E-commerce infrastructure was historically focused on enterprises that could afford expensive and complicated software. Products such as IBM Websphere, Oracle ATG, SAP Hybris, Salesforce Demandware and Adobe Magento were simply out of reach for most merchants. They took many months — in some cases years — to implement and required a lot of configuration and customization.

Image Credits: Accel

SMB and midmarket platforms are much simpler to use, relatively cost-effective, and enable merchants to get up and running in hours. They’ve also taken an “it takes a village” ecosystem approach, with app partners such as Alloy, Algolia, Klaviyo, Malomo, Octane.ai, ReCharge, Shogun and others catering to more sophisticated needs. We should see many merchants on custom tech stacks moving toward these platforms, and we fully expect Shopify’s to grow its merchant count to 5 million in the next few years.

Outside players will increasingly look to acquire D2C capabilities to compete with e-commerce platforms

Over the past decade, we saw large enterprise software companies acquire e-commerce capabilities. SAP acquired Hybris, Salesforce acquired Demandware and Cloudcraze, Adobe acquired Magento. We’re now seeing SMB and midmarket players like Intuit and PayPal similarly acquire e-commerce capabilities as they seek to give their own customers an e-commerce back end. There will be much more of this M&A activity, and it will increase D2C options for merchants.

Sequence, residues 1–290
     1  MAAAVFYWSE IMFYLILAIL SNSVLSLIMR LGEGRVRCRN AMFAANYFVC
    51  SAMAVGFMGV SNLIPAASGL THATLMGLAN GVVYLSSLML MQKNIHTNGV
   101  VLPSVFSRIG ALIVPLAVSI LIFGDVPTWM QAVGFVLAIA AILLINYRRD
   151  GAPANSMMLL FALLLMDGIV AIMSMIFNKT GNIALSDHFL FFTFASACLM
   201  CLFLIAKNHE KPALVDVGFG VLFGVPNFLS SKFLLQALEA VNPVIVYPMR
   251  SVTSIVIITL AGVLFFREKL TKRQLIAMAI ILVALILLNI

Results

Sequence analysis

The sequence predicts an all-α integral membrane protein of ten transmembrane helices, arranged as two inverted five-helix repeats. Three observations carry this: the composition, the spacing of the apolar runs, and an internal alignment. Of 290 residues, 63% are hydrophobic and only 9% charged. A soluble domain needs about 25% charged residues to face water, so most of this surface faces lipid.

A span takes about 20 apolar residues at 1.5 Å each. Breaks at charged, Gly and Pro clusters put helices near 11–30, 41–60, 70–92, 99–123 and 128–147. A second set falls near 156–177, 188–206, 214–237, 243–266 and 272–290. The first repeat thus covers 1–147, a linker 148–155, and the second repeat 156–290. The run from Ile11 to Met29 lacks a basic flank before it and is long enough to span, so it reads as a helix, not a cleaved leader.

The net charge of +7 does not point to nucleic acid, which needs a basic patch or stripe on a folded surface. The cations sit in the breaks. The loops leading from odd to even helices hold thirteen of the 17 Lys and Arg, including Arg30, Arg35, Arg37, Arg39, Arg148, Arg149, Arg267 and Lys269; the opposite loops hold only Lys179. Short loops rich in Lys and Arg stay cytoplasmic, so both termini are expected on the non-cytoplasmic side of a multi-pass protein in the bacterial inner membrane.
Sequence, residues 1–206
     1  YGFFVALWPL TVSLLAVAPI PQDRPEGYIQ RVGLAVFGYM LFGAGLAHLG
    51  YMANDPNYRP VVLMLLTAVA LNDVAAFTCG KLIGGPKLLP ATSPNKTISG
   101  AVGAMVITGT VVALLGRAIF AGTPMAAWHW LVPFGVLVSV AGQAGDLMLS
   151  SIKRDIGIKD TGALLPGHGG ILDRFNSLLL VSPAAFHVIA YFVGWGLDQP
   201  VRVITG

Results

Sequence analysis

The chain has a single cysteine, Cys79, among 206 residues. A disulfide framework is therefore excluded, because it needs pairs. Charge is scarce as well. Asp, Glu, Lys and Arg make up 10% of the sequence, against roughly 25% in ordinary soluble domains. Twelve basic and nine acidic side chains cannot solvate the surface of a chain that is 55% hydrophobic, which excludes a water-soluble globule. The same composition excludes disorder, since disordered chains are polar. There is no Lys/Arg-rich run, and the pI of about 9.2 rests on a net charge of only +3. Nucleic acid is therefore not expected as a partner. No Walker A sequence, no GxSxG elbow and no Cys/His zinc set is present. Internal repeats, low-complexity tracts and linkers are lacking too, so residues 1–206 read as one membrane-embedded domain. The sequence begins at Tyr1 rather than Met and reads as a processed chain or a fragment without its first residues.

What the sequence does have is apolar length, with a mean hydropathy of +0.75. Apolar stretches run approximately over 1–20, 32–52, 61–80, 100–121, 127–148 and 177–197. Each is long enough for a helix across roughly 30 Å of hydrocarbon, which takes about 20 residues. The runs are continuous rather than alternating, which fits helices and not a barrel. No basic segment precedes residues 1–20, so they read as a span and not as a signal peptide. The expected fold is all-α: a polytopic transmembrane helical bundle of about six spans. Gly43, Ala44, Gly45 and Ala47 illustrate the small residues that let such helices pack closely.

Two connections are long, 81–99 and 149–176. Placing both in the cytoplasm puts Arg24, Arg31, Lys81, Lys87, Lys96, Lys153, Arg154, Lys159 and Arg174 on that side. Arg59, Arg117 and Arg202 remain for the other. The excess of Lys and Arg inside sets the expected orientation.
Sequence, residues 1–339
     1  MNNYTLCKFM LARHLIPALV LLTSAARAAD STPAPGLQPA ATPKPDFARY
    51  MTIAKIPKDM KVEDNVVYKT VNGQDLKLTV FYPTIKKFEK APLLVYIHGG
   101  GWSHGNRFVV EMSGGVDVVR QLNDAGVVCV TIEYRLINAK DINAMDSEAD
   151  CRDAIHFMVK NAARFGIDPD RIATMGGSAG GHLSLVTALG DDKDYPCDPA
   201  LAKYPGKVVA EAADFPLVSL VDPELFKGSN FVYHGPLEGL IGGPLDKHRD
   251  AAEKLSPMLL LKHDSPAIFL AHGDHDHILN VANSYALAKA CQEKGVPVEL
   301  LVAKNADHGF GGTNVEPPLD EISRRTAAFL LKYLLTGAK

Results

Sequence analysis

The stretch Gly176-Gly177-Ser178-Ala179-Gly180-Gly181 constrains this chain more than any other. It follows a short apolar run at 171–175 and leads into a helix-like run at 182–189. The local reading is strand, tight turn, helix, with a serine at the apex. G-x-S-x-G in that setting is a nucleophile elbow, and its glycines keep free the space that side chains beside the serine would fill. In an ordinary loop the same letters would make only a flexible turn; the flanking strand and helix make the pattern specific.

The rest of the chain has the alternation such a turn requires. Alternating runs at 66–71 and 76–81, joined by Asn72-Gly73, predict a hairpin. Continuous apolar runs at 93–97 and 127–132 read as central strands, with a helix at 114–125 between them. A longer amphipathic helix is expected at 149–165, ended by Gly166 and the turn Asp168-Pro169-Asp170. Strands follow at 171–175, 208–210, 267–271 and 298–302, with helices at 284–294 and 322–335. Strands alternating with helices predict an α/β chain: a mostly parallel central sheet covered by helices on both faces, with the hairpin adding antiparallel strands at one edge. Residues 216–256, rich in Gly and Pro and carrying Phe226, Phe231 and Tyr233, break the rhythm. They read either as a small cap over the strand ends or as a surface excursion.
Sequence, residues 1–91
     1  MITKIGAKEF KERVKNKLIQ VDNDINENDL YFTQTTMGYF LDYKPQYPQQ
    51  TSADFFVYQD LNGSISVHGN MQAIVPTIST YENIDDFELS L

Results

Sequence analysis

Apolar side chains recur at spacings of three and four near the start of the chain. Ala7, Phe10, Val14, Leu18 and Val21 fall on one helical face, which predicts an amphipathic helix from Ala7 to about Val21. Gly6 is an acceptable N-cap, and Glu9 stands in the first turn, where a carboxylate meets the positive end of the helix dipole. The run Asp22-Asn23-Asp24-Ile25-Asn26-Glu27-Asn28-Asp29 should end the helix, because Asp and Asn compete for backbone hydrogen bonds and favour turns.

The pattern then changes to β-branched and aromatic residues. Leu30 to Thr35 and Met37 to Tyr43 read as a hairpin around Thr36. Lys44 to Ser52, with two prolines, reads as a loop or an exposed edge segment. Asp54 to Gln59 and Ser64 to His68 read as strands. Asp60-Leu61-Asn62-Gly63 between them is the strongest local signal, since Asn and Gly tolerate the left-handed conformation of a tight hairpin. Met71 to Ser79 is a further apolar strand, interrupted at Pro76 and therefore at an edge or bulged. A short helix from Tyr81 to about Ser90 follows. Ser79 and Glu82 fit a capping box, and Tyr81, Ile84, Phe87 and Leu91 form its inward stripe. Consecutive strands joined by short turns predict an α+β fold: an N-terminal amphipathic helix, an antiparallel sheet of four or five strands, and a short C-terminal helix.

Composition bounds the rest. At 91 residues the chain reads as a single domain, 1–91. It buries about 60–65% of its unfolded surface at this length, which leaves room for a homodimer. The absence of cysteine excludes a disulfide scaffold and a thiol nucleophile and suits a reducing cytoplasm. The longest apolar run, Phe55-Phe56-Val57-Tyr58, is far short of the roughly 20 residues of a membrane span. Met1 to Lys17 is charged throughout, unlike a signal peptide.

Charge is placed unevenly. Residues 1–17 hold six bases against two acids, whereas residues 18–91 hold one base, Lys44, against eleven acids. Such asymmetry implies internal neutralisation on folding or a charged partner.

Image Credits: Accel

Data privacy changes will create even stronger D2C tailwinds

This point deserves its own op-ed, but, in short, Google Chrome third-party cookie changes and Apple’s app tracking changes will drive even stronger tailwinds for D2C. As brands and advertisers no longer have third-party cookies to track user behavior across websites and apps, their ability to target and retarget users across websites will increasingly be limited. Brands and merchants will be forced to establish first-party, direct relationships with their customers by gathering email addresses and phone numbers so they can communicate and market directly to them.

Social media platforms and publishers will increasingly move toward commerce-driven revenue models

As another byproduct of the cookie and app-tracking changes, social media platforms and publishers will move toward in-content commerce-driven revenue models as affiliate and third-party advertising becomes more challenging. China’s highly integrated social media and e-commerce experience is a model for the future of what shopping looks like on Facebook, Instagram, TikTok, Snapchat, Pinterest and other platforms. We expect product discovery and checkout to happen increasingly inside of these platforms, with some analysts predicting, for example, that Facebook will generate $200 million-$300 million in e-commerce revenue from its Shops product in Q3 this year.

Publishers like BuzzFeed have already started selling products within their articles, realizing that selling direct to consumer yields more revenue, as brands are willing to share a cut of sales rather than trying to prove attribution for lower CPC or CPM affiliate-based advertising revenue.

The path to 50% penetration

The U.S. increased e-commerce penetration in the last decade from 5% to almost 17%. Almost half of that increase happened in just the last year. While we don’t expect the same level of annual increase going forward, shopping behavior has fundamentally changed and, just as importantly, the way merchants want to sell their products has shifted from marketplaces to D2C. This D2C wave is a critical enabler for the progress we expect to see over the next decade as we strive toward inevitable 50% penetration. We are excited to witness this progress and the accompanying rise of incredible companies built to empower merchants all over the globe.